The 65-year-old mayor need not have worried so much about semantics. El Salvador’s top electoral authority, Tribunal Supremo Electoral (TSE) head Eugenio Chicas, acknowledged in a recent television interview that Quijano and his FMLN rival are carrying out “veiled” campaigns. He went on to say, however, that there is not actually anything the TSE can do about it. Salvadoran electoral law bars candidates from prematurely hanging posters and erecting billboards, but it does not prevent them from “going wherever they’ve been invited,” said Chicas.
The TSE president’s comments did not sit well with San Salvador Archbishop José Luis Escobar, who used his Sunday pulpit last week to demand more “discipline” for the parties. “Hopefully the Asamblea Legislativa will step in,” the Church leader said. “It’s true that [the members of the legislature] belong to the political parties, but they ought to act on behalf of the common good, for the benefit of the society.” The behavior of the politicians, he added, “is a mockery.”
Early polls favor Quijano, an avid sportsman who played professional soccer before launching a successful career as a dentist. Six months ago the San Salvador mayor squashed his FMLN challenger, Shafick Handal, in the country’s municipal/parliamentary elections. The 66% to 32% romp over one of the FMLN’s most high-profile figures was a major highlight for the resurgent ARENA, which fared well on the parliamentary front as well, winning 33 seats in the AL. The right-wing opposition party now has a two-seat advantage over the FMLN, which lost four seats – and a significant amount of political momentum – in the election.
History seems to be on Quijano’s side as well. Since the end of the civil war (1980-1992), ARENA has won all but one of El Salvador’s presidential elections. The only exception was in 2009, when the FMLN chose to be represented by Maurcio Funes, a former television journalist and political moderate. The choice was a departure for the then-opposition party, which began during the war as a coalition of guerrilla forces. Unlike the FMLN’s past candidates, President Funes was neither a war veteran nor a party ideologue. The public embraced the strategy change and – more than three years into Funes’ term – continue to reward the moderate president with high approval ratings. A recent survey by the Mexican polling firm Consultora-Mitofsky put support for the president at 72%.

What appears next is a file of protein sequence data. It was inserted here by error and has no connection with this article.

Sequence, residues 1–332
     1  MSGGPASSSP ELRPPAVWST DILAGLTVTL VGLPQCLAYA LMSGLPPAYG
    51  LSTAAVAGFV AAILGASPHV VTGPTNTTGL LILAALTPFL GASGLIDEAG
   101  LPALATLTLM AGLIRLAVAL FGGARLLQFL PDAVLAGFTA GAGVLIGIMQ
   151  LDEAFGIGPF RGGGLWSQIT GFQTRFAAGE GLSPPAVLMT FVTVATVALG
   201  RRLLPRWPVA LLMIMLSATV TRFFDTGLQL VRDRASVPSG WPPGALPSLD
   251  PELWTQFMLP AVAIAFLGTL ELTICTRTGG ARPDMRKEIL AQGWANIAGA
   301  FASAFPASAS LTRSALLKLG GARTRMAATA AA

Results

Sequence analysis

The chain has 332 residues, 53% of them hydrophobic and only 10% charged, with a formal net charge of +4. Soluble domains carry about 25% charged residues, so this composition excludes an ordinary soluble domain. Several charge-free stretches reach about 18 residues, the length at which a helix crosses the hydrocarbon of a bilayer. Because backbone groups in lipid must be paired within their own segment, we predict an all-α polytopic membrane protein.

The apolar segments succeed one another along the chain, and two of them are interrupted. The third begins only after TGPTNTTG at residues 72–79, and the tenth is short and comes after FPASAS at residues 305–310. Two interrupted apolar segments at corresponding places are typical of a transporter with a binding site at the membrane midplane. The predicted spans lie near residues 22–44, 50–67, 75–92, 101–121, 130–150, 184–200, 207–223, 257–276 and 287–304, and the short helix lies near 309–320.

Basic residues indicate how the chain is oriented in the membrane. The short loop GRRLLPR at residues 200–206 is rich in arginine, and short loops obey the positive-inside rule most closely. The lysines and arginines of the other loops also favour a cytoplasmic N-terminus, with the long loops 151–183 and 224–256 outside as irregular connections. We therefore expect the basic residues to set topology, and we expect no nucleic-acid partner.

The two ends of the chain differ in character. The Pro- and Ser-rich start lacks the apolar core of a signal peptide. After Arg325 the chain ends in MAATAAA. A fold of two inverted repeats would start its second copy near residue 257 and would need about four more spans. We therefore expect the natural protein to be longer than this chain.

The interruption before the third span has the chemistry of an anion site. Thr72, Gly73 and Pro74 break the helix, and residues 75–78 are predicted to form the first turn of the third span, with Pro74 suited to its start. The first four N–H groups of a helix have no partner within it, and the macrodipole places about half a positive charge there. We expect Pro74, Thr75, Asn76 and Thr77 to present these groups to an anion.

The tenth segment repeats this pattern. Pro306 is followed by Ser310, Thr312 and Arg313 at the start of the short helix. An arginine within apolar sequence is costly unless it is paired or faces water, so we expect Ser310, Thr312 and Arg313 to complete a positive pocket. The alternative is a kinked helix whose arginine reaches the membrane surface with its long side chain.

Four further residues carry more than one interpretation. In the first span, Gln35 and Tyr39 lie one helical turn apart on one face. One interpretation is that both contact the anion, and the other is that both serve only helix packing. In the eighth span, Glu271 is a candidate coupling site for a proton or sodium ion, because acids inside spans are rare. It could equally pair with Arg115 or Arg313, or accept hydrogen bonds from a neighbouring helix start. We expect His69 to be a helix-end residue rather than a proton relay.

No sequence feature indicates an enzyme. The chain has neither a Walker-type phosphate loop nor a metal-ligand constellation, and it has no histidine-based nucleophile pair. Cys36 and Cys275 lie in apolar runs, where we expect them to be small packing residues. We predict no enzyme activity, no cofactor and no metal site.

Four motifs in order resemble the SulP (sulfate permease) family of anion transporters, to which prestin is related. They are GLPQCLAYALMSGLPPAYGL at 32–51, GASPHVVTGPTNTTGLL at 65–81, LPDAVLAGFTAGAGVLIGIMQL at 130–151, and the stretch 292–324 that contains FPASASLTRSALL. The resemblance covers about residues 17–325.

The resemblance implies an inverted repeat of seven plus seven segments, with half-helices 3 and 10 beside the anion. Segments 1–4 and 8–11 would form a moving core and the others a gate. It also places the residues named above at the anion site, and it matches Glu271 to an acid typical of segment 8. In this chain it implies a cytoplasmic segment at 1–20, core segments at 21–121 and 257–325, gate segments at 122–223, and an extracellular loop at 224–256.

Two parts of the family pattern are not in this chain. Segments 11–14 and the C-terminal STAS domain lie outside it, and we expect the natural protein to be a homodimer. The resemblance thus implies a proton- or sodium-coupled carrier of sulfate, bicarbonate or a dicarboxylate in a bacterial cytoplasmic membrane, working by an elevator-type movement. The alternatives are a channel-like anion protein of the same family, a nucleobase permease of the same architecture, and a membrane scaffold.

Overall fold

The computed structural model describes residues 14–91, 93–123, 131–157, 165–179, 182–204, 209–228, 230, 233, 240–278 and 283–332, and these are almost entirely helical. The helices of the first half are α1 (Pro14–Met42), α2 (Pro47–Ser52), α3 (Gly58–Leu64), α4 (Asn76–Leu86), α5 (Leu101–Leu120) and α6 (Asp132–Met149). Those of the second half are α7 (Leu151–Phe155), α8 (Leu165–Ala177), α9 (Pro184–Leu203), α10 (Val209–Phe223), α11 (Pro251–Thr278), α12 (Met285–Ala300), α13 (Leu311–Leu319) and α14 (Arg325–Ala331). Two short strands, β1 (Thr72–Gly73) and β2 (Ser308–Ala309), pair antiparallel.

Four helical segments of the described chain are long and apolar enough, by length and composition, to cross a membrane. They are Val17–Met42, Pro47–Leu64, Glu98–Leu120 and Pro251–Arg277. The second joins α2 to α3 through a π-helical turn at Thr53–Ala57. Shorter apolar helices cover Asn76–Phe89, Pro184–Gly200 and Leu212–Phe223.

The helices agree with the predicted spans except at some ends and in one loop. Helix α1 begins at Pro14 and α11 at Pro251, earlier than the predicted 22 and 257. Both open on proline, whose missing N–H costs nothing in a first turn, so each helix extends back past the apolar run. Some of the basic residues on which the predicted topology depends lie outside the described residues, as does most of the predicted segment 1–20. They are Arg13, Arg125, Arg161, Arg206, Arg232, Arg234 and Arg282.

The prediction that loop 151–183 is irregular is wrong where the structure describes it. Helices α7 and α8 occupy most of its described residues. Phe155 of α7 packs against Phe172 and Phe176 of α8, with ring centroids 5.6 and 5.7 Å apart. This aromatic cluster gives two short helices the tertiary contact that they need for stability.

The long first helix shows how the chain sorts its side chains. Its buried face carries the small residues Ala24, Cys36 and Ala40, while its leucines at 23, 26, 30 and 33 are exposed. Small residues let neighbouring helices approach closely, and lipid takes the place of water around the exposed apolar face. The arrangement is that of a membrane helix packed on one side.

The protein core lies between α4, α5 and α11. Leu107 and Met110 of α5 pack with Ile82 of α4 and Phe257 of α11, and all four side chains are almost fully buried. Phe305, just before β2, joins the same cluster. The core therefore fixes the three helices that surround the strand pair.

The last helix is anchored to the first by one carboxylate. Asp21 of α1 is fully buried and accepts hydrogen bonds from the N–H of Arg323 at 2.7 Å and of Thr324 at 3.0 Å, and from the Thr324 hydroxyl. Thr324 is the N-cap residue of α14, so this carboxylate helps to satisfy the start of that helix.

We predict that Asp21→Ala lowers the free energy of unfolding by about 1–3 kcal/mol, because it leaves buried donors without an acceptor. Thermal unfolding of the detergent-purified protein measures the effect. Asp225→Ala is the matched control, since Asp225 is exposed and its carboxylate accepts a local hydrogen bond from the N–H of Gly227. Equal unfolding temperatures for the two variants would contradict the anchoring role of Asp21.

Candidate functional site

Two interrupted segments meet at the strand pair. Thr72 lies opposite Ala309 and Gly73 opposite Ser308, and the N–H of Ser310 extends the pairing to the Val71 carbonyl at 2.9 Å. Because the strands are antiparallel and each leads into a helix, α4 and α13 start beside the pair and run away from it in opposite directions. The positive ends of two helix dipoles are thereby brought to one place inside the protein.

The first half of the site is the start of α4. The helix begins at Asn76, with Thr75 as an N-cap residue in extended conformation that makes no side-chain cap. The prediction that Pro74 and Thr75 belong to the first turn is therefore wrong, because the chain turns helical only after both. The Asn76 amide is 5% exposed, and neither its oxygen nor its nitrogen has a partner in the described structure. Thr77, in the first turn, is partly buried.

Salvador Sánchez Cerén fits the party’s more traditional mold. As a young teacher in the 1970s, Cerén helped found El Salvador’s first armed leftist group, the Fuerzas Populares de Liberación “Farabundo Martí” (FPL), a precursor to the FMLN. Known under the alias Comandante Leonel González, Cerén took an active FMLN leadership role during the civil war and participated directly in negotiations that eventually led to the Chapultepec Peace Accords, which were signed Jan. 16, 1992 in Mexico City, Mexico. According to Consultora-Mitofsky, Cerén trails Quijano by more than 20 percentage points (26% versus 47%).